The Salt Lake Tribune is reporting..
Agriculture officials played favorites and licensing process gave preference to out-of-state companies, complaint claims.
A new lawsuit claims that multistate cannabis cultivators had an unfair advantage in the competition for one of Utah’s lucrative marijuana growing licenses — and that state officials “coached” certain applicants in how to win.
Officials at the Utah Department of Agriculture and Food (UDAF) allowed their personal connections to sway them as they doled out the eight licenses in 2019, according to the federal complaint filed Monday by one of the rejected applicants.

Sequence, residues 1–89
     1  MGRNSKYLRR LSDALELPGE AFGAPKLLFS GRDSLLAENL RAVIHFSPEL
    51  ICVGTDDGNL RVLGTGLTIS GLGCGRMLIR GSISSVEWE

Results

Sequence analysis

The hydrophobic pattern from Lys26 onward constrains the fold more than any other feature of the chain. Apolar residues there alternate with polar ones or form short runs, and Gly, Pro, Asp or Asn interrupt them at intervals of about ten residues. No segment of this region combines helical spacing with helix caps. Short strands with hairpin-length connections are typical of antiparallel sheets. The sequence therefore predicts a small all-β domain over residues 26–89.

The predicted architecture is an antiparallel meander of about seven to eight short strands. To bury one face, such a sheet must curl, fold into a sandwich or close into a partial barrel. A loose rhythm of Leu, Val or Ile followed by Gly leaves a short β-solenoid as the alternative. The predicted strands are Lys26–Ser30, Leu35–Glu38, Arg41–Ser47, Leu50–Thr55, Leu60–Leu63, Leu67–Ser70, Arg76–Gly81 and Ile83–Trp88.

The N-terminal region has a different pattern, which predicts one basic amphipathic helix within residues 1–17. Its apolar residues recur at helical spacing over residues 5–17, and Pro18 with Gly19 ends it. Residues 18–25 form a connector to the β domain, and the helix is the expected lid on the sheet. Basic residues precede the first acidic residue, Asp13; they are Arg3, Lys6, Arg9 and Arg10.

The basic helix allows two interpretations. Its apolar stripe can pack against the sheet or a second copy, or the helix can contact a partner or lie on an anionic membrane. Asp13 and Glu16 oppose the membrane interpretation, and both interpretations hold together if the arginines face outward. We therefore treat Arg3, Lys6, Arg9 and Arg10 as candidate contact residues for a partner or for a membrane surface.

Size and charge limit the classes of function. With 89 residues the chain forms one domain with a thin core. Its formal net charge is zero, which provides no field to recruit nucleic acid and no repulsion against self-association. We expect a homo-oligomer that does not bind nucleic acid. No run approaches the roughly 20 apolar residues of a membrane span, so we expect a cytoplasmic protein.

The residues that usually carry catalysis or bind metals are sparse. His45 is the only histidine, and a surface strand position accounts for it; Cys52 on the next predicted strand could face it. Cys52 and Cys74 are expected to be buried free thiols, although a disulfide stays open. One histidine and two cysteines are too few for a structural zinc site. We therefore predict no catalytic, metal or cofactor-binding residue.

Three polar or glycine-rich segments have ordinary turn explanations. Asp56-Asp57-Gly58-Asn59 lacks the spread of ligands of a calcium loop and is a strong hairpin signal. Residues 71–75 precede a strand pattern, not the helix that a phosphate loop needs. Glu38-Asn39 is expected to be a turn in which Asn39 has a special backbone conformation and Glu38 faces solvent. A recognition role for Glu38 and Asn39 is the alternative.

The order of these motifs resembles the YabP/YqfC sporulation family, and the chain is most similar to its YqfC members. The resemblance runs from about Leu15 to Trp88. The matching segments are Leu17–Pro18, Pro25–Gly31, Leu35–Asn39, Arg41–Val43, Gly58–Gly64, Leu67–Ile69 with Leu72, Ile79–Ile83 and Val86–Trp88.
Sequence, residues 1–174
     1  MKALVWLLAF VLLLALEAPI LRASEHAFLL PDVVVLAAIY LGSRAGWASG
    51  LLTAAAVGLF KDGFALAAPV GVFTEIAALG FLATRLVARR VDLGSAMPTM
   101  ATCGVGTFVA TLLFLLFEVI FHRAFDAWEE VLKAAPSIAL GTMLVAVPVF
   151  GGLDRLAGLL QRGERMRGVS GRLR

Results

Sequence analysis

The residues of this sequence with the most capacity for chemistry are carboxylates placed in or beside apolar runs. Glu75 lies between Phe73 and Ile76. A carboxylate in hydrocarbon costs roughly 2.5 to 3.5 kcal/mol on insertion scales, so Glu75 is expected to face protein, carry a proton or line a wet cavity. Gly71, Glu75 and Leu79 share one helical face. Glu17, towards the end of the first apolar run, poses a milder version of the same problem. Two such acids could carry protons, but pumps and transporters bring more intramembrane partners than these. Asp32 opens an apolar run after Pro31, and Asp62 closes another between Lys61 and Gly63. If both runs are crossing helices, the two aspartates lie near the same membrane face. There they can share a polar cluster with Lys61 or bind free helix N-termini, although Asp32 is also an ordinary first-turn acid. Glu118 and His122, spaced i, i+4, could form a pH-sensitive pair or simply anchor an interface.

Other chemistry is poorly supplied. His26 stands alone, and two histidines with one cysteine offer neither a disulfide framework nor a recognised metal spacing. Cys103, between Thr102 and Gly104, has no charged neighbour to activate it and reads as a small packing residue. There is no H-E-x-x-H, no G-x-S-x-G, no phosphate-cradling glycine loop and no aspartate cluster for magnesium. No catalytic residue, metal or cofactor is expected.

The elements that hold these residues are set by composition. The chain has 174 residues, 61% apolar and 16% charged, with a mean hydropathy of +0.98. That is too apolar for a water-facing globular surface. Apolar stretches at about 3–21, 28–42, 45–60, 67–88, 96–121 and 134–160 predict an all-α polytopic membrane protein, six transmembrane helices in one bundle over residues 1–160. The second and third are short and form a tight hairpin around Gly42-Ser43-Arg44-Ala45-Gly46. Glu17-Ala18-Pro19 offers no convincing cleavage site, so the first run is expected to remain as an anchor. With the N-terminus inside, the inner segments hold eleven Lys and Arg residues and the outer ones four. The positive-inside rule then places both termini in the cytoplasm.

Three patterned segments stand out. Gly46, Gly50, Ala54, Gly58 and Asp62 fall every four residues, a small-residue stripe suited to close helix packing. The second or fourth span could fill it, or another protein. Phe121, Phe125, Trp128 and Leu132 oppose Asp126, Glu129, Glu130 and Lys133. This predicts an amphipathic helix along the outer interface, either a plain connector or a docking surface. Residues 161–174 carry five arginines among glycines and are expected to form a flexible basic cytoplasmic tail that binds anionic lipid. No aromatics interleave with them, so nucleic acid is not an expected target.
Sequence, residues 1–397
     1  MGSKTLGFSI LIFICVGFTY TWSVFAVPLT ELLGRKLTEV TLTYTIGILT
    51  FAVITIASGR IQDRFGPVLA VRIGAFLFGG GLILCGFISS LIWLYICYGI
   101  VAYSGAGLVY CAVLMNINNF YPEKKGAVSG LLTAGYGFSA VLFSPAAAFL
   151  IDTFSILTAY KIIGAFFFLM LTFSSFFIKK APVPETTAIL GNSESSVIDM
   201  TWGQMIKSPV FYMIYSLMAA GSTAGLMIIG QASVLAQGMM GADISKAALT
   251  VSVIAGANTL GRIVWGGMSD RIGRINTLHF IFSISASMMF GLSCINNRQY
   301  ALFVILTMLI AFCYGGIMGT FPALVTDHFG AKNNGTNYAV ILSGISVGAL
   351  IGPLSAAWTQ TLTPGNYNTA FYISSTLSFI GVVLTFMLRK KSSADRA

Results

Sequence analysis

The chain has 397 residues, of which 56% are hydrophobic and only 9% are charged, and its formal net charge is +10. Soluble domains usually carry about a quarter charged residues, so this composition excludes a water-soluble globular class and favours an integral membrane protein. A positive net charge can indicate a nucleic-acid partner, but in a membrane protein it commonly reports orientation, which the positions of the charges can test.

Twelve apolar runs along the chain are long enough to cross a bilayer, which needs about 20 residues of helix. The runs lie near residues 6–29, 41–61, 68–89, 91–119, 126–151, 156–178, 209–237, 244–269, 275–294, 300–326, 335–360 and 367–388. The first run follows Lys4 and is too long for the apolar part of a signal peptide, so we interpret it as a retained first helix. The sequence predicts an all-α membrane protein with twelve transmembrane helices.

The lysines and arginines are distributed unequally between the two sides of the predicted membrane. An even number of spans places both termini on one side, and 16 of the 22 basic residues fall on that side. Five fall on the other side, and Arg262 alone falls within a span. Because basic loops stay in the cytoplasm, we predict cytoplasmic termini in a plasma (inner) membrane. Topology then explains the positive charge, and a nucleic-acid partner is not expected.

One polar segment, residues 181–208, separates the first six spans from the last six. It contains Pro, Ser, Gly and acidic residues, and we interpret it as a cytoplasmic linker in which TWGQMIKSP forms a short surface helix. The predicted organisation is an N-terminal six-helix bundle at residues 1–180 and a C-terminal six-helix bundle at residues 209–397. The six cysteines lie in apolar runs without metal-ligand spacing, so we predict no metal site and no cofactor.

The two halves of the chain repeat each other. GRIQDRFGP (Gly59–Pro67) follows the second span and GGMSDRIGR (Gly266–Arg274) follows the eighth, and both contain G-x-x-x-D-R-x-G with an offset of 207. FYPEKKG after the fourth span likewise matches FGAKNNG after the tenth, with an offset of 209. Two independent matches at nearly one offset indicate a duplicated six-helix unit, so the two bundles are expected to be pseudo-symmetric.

Not only was this unfair to plaintiff JLPR LLC, the lawsuit claims, but it also damaged the state’s medical cannabis program in its infancy.
“Rather than selecting truly capable and qualified companies to successfully operate an emerging Utah cannabis market company, politically connected companies were selected,” the complaint states. “This [bias] in the selection process, directly resulting from improper connections, has harmed Utah patients, violated the law, and violated JLPR’s due process and equal protection rights.”
JLPR is demanding that the court order UDAF to grant it a growing license or put it first in line for a license when the next one becomes available. The company is also asking for unspecified monetary damages to cover its “lost profits” and attorney and consulting fees.